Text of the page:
Cranberry Mango Sauce

Ingredients

  • 1 12-ounce bag fresh cranberries
  • 2/3 cup sugar
  • 1 ripe mango, pureed*
  • 1/3 cup water
  • 1 teaspoon orange zest
  • 1/4 teaspoon cinnamon
  • 1/8 teaspoon ginger

*See my photo guide on how to chop a mango HERE.

Directions

Rinse cranberries and remove any stems or overly mushy berries. Combine all ingredients in a saucepan over medium heat. Bring to a simmer. Lower heat and continue simmering for 10-15 minutes, stirring occasionally, until all cranberries have popped and the mixture has thickened. Remove from the heat and cool completely before serving.

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Thanksgiving Inspiration

I learned something interesting about myself this week – I do not like corn bread stuffing. I love corn, corn muffins, corn bread, and corn fritters. I eat a ridiculous amount of corn when it’s in season. I even once made a sweet corn ice cream. But I do not like corn bread stuffing.

I guess it comes down to what you’re raised with – sort of how some families are the Crest kind of people and some families are the Colgate kind. Some families are loyal to Miracle Whip, while others will only use mayonnaise. Some families have corn bread stuffing at Thanksgiving and some families have white bread stuffing. Our family was always a Crest, mayonnaise, and white bread stuffing sort of family.

The four things I am most thankful for.

I didn’t realize how ingrained this inclination towards white bread stuffing was until I set about preparing a corn bread stuffing earlier this week. It should’ve been delicious, with crispy bits of bacon, tender dates, shallots, and celery. It was supposed to be a new recipe to feature in this post about Thanksgiving ideas. But I didn’t like it. I can’t even tell you if it was good or not, as far as corn bread stuffings go. I am just a white bread stuffing girl through and through and I couldn’t wrap my taste buds or my heart around that corn bread stuffing. I’m not sharing the recipe.

But I am going to share this round-up of wonderful, tried and true Thanksgiving ideas, in plenty of time to add them to your Thanksgiving menu…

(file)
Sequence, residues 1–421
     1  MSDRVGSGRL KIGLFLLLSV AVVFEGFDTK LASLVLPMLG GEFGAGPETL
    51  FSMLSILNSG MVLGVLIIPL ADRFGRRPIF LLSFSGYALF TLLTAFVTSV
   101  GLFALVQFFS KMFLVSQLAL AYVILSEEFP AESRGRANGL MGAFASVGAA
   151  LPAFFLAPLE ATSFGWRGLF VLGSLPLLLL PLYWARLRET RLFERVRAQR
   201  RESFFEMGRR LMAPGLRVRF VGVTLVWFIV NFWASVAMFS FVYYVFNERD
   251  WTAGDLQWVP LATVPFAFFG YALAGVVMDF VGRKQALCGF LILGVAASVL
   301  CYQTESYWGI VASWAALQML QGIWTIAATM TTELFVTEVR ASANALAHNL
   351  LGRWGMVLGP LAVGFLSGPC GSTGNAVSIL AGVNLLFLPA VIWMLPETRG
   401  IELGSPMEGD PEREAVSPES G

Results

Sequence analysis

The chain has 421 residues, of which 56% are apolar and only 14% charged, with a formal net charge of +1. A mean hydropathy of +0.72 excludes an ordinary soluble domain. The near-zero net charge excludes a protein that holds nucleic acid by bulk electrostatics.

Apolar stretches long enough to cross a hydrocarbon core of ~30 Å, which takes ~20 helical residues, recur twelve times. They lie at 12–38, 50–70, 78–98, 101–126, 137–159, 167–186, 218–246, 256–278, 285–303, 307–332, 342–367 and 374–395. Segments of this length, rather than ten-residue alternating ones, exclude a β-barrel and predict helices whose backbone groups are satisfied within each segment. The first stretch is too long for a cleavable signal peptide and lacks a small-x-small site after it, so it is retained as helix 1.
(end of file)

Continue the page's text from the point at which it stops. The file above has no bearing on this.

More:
Give thanks for good food, friends.

APPETIZERS

Cranberry Chipotle Meatballs

Corn and Bacon Fritters with Smoked Salmon

Bacon-Wrapped Dates stuffed with Bleu Cheese

THE MAIN EVENT

Herb-Roasted Turkey Breast with Pan Gravy (and tips for roasting a whole turkey)

Bacon and Cider Braised Turkey Drumsticks (and garlicky creamed spinach)

Spiced Sweet Potato Puree with Pecan Streusel

Sausage, Apple, and Leek Stuffing

Cranberry-Orange Sauce

Green Beans Almondine

Roasted Brussels Sprouts with Bacon and Walnuts

Hot Doughy Buns

DESSERTS

Chocolate Pecan Pie

Pumpkin Coconut Pie

A Few Variations on Apple Pie (in an all butter pie crust)

Caramel Apple Cake

Turkey-Shaped Sugar Cookies

Caramel Apple Tartlets

Spiced Mango Upside Down Cake

Cannoli Cheesecake

Chicken Cordon Bleu Panini

boy, n.
1. noise with dirt on it
 

Daylight savings time has done a number on my noisy boys’ sleep schedules. They’ve always been early risers, but now we’re talking about 4:30 in the morning early. And they don’t wake slowly. They wake with the force of a jack-in-the-box that someone has been cranking all night long. It’s startling…even when you know it’s coming.

And they’re loud; so incredibly loud. I can’t even begin to put words to the kinds of noises which come from their little bodies. As they come barging into our room making all manners of inexplicable noises, I bury my head under my pillow and wonder why little boys don’t come with volume controls.

But even as I’m hoarsely grumbling ‘go away’, I’m reminded to be thankful for all of that predawn noise; that noise which means we have three healthy, active little boys to be making it. In a month of thanks giving, I am thankful for that.

Thursday nights are crazy nights for our noisy little family. For the few hours preceding the boys’ bedtime, it’s a revolving door of activity. The boys have ninja training (karate class) right about the time we’d normally be eating dinner, so we eat early. My husband gets home from work shortly after we return, then runs off to rock and roll training (band practice) just after the boys get to bed. At that point, I curl up onto the couch for my extremely informal sommelier training (glass of red).

So, everyone eats dinner in a rush and at a different time on Thursdays, making it essential that Thursday night dinners are simple and easy to reheat. This satisfying chicken cordon bleu panini fits the bill perfectly! Breaded chicken breasts are sliced and combined with salty prosciutto and a creamy gruyere sauce, then pressed together, wrapped in foil, and heated until it’s hot and melty. Every part of this sandwich can be made ahead of time (even the night before). Best yet, it can be wrapped in individual portions, which are ready to pop in the oven whenever your future ninja, rockstar, or sommelier gets hungry!

Today’s Focus on Technique – Bechamel Sauce